Every once in a while, an acquaintance either tells me or emails me: "You must be busy, because you haven't posted anything on your blog for a while."
Well, no one has said that lately, but I recently realized that I have not, indeed, posted much of anything here in quite some time. Such is life. If I were able, I would try to post something fresh (and, hopefully, something prayerful or thought-provoking) nearly every day. Perhaps I can attempt to make more progress in that regard.
In the meantime, however, I thought I would provide an update of what I've doing lately, as well as a preview of a "coming attraction" (hinted at in the photo above).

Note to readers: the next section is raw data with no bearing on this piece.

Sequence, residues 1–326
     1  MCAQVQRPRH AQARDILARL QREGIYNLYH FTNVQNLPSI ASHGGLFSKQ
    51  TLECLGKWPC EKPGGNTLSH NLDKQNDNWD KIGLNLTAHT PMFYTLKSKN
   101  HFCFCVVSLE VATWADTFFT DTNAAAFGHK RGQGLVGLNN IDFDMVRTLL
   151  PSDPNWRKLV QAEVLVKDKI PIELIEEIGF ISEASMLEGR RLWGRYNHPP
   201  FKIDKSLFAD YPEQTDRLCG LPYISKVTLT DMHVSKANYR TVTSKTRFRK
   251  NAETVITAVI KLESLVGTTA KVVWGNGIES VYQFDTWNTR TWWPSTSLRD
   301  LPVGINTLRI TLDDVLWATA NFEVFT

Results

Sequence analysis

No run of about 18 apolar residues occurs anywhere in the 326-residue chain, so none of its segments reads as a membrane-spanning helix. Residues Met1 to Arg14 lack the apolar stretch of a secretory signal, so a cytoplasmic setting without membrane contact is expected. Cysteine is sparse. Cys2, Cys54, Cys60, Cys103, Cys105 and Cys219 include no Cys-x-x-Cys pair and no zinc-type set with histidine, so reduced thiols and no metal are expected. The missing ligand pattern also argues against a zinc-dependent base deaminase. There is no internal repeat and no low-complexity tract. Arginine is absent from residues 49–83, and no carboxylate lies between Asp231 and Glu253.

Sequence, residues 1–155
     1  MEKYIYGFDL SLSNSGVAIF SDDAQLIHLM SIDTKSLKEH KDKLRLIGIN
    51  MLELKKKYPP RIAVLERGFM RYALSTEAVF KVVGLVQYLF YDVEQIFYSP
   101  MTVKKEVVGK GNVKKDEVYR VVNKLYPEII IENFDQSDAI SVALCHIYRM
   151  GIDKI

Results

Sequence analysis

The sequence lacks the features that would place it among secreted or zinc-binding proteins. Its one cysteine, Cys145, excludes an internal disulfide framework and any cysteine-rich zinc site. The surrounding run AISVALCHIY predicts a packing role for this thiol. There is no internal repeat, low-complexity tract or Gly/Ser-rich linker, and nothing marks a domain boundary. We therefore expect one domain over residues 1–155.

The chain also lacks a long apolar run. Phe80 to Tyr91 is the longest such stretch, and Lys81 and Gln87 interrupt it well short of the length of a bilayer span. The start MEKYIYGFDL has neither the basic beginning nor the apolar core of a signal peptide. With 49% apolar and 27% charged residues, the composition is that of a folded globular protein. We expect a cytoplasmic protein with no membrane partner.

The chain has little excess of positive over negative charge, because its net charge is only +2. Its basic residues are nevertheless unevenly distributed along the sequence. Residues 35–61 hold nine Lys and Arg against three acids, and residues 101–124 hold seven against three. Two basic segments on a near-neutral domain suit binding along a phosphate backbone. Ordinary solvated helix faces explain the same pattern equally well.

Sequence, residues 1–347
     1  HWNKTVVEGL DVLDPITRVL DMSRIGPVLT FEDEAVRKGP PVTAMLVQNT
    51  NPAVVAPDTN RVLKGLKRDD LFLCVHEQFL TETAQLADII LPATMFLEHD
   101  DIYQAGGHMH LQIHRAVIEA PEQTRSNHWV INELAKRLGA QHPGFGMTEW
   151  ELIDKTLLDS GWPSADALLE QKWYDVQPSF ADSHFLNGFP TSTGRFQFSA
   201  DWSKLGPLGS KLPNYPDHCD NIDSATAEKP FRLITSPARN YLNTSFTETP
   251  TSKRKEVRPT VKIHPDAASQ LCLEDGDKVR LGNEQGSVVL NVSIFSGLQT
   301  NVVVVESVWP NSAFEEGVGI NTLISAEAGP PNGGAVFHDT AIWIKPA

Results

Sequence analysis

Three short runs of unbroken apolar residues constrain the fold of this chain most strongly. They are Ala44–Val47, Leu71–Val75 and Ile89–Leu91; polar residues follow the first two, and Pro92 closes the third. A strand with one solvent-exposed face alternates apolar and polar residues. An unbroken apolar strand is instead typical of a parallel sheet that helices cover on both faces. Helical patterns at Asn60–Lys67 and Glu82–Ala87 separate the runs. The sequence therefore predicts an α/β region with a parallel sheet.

I've been spending a good deal of time lately reading and writing in connection with the courses I'm taking as part of the spiritual direction certificate program I've involved in here at Saint Meinrad. I'm quickly approaching the last year of the three-year program. One course, Spiritual Direction and Discernment, began in July and runs until early December. (Courses already completed have covered Scripture, the history of Christian spirituality, and human development and Christian maturity) In January, the other members of the program cohort (there are about a dozen of us) and I will begin a Pre-Practicum course--which will be followed by a full year of engaging in supervision and self-evaluation of interaction with directees, which in turn will be followed up with a Post-Practicum course before the certificate is awarded.